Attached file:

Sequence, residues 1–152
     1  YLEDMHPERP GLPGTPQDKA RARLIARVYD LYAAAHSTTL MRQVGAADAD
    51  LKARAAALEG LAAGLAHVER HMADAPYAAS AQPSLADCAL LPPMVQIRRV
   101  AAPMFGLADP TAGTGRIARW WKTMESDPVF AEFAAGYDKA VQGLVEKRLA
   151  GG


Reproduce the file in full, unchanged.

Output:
Sequence, residues 1–152
     1  YLEDMHPERP GLPGTPQDKA RARLIARVYD LYAAAHSTTL MRQVGAADAD
    51  LKARAAALEG LAAGLAHVER HMADAPYAAS AQPSLADCAL LPPMVQIRRV
   101  AAPMFGLADP TAGTGRIARW WKTMESDPVF AEFAAGYDKA VQGLVEKRLA
   151  GG